Starting point of our Research Programme 1 is the transformation processes of media-based public communication as a consequence of the digitalization of media production, distribution, and usage. Due to the consequential dissolution of boundaries, the once relatively clearly defined types of media and information functions are becoming less and less distinct – from a user perspective, but also from a normative or societal perspective: Next to professional journalism and the traditional mass media, this development has given rise to new actors, algorithm-based intermediaries, and the users themselves, which are becoming more and more influential in the public sphere. This raises the question about possible power shifts regarding the communication system, which – traditionally – mainly serves to enable a public dialogue and contribute to the formation of opinion.
The central conceptual interest of Research Programme 1 is how a public sphere can be constituted under these conditions and how 'public' is negotiated between providers and users. For researching this basic link, it is necessary to look at the intertwining that exist between the production, offerings, behaviour and use of information, and from which we seek to identify derivable differentiations where regulation can draw on in order to secure information functions.
The focus lies on how already established and new providers adapt to the increasing differentiating media environment and media use, the automation and algorithmisation of own work processes but also to the competition by functional equivalent performances of non-journalistic services and providers along with their own audience in the field of journalism. Our objective is to develop a theoretical, conceptual and methodological framework, which allows the differentiation between "journalistic-editorial" services and other communication offers.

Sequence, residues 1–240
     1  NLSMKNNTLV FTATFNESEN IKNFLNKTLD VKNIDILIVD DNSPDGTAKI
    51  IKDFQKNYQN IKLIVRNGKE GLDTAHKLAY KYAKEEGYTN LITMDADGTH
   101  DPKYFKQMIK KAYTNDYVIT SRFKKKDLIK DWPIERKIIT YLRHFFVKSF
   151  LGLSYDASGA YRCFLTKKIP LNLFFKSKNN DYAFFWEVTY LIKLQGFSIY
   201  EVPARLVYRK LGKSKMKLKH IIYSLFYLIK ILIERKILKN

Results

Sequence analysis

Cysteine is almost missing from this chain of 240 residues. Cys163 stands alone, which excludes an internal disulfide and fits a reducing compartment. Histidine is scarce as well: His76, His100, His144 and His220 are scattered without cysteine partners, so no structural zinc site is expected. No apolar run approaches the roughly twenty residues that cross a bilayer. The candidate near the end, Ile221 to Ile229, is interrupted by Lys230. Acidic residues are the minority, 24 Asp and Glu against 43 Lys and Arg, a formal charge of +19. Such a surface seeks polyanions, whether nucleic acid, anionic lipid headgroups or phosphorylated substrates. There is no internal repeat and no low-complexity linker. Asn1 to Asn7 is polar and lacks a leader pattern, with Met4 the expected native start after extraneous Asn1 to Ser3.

Therefore, with regard to media usage, we will examine how people inform themselves, what communicative practices they use and how they put themselves in relation with different public spheres. Thereby, the question arises what functions intermediaries can fulfil compared to journalistic-editorial services in the information repertoire of different groups of users.
The social relevance of observable changes is also high where media-based communication influences or can influence processes of individual and social opinion. So far, basic terms or concepts are missing for determining different forms of influencing communication. The legal term of a "predominating power of opinion" - the basis for the diversity control in broadcasting - is not clear in its single parts, such as the range of the term "opinion", the question concerning the kind of influence and its mediation but also the understanding of "opinion formation processes". Thus, the Research Programme will develop a conceptual framework for the influence on the processes of opinion formation that enables legal concepts to react to the described transformations.
Researcher: Kevin Dankert, Prof. Dr. Uwe Hasebrink, Dr. Sascha Hölig, Lisa Merten, Julius Reimer, Lies van Roessel, Dr. Jan-Hinrik Schmidt, Hermann-Dieter Schröder, Prof. Dr. Wolfgang Schulz, Dr. Lennart Ziebarth
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One of the central goals of public media law is to prevent predominating power of opinion. All the more surprising that there is little consensus as to what it means.
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In the event of terrorist attacks or natural disasters, timely and reliable information is extremely important for media users. In order to find out what information needs people have in such situations and what media they use, a study design was developed with which empirical data can be collected...
An international network of researchers investigates how journalism is created in unusual places or by actors that previously were not predominantly concerned with news production.